The last decade of 68Ga-radiopharmaceutical chemistry has been dominated by studies with DOTATOC and its derivatives for the diagnosis of neuroendocrine tumours (NETs) (Frilling et al. 2010). The omnipresence of DOTA derivatives in 68Ga-PET arose from its success in other imaging applications (MRI and optical imaging with lanthanides) and its ability to provide an acceptable labelling profile and sufficient complex stability with 68Ga (Notni et al. 2011; Boros et al. 2010). Optimisation of radiolabelling protocols and the development of labelling modules have simplified radiopharmaceutical preparation, but the desire for further development remains (Ocak et al. 2010). The major inherent disadvantage of DOTA derivatives is the relatively harsh conditions required for radiolabelling (80–95 °C, 5–10 min, pH 3–4) that impose a number of limitations (Notni et al. 2011; Boros et al. 2010). Chelators which can be labelled quickly at room temperature would simplify labelling further and offer the potential for kit-type labelling akin to the prestigious 99mTc kits. Temperature/pH sensitive targeting vectors (TVs) would benefit from these new chelators in particular, and widen the portfolio of 68Ga-based diagnostics. In recent times, there has been greater focus on the development of more efficient hexadentate chelators, and bifunctional derivatives of NOTA, TRAP, NOPO, DEDPA, CP256, HBED have been described that chelate 68Ga(III) rapidly at room temperature (Notni et al. 2011; Fani et al. 2012; Simeček et al. 2012; Boros et al. 2012; Berry et al. 2011; Eder et al. 2008).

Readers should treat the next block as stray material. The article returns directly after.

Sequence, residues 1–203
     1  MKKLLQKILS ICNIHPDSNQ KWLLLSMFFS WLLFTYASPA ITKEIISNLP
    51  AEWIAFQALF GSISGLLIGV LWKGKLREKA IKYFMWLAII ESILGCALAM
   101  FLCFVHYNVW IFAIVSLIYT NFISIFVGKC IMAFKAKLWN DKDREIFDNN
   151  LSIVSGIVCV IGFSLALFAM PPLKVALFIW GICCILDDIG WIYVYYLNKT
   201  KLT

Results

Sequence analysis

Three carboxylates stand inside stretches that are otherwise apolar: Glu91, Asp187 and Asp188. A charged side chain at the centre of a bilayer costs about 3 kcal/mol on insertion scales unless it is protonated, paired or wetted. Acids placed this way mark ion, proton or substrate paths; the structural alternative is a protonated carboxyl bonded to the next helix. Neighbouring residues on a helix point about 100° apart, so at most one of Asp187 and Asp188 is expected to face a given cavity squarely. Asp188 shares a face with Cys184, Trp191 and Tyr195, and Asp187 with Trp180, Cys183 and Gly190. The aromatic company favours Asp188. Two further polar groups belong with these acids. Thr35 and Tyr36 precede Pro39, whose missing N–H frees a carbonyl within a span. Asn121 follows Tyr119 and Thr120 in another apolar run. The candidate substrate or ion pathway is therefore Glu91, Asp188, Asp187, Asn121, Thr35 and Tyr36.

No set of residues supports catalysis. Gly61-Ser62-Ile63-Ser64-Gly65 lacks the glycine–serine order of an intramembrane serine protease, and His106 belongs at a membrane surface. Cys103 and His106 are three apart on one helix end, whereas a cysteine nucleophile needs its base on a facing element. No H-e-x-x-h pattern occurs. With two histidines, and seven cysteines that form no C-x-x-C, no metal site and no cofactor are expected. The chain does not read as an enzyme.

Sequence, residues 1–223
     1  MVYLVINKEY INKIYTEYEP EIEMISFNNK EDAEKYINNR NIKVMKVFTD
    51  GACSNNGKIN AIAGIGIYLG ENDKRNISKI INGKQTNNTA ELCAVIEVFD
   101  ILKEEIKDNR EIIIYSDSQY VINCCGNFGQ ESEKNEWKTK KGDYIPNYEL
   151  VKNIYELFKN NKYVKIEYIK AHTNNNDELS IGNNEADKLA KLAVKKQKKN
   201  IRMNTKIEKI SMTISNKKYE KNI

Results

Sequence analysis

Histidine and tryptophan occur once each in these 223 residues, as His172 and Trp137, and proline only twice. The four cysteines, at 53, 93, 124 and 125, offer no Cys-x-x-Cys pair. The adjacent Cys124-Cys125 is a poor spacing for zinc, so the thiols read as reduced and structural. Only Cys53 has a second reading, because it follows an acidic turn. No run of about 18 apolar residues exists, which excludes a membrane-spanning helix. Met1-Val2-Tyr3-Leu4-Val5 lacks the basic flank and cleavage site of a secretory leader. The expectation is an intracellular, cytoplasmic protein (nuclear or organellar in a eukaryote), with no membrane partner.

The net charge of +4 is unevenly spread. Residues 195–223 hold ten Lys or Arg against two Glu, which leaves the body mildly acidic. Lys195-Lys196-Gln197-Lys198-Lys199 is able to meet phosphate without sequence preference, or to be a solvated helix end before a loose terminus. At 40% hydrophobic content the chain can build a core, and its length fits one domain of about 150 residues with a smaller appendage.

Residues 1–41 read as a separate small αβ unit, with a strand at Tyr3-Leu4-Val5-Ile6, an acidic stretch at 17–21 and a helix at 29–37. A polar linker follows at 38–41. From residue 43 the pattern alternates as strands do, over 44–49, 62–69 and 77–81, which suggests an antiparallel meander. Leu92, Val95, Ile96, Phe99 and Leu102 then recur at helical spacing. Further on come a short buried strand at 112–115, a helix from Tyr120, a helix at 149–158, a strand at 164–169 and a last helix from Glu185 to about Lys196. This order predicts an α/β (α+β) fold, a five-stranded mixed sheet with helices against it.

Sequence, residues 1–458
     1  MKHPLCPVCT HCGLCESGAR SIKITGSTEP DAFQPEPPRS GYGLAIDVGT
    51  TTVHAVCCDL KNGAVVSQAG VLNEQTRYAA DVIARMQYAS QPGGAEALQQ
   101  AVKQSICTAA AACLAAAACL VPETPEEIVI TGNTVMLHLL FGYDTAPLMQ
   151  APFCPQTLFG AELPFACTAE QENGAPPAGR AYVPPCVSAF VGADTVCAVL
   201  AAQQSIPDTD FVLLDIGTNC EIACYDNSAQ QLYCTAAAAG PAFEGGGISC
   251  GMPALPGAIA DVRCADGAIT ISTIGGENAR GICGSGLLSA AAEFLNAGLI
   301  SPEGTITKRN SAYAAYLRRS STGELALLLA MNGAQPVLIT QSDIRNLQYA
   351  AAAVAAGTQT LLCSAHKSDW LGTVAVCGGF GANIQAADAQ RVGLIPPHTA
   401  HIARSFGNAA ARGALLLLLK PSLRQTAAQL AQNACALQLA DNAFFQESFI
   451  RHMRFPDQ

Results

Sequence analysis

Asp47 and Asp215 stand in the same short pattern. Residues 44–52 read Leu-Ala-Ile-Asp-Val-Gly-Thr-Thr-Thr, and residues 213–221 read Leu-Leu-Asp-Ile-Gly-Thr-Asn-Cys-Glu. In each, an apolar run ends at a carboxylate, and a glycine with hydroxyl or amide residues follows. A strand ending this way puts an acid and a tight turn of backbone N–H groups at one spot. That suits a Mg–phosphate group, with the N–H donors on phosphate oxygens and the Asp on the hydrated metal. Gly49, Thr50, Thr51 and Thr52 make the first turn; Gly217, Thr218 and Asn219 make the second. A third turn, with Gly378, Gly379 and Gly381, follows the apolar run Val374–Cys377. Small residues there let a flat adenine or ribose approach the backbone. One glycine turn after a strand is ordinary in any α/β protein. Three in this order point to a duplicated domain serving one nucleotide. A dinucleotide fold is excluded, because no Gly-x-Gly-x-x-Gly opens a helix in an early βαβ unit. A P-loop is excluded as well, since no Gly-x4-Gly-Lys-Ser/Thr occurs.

The potential for kit-type labelling of biomolecule conjugates has been alluded to on numerous occasions, but a protocol which can achieve acceptable yields from a lyophilised solid at ambient temperature remains ‘the final frontier’ (Mukherjee et al. 2014; Velikyan et al. 2008 Asti et al. 2015; Waengler et al. 2011). The DATA chelators rapidly form stable complexes with 68Ga under exceptionally mild conditions befitting kit-type labelling (Waldron et al. 2013; Parker & Waldron 2013; Parker et al. 2013). The ligand DATAM (Fig. 1) for instance, can enable radiochemical yields (RCYs) greater than 97 % at 23 °C in under 1 min (Seemann et al. 2015a). Earlier work showed that it is possible to label DATA chelators over the pH range 4–7, however for the purposes of this work it was decided that only optimum labelling conditions would be used in line with the desire to develop a room temperature kit-type labelling protocol (Waldron et al. 2013; Seemann et al. 2015a).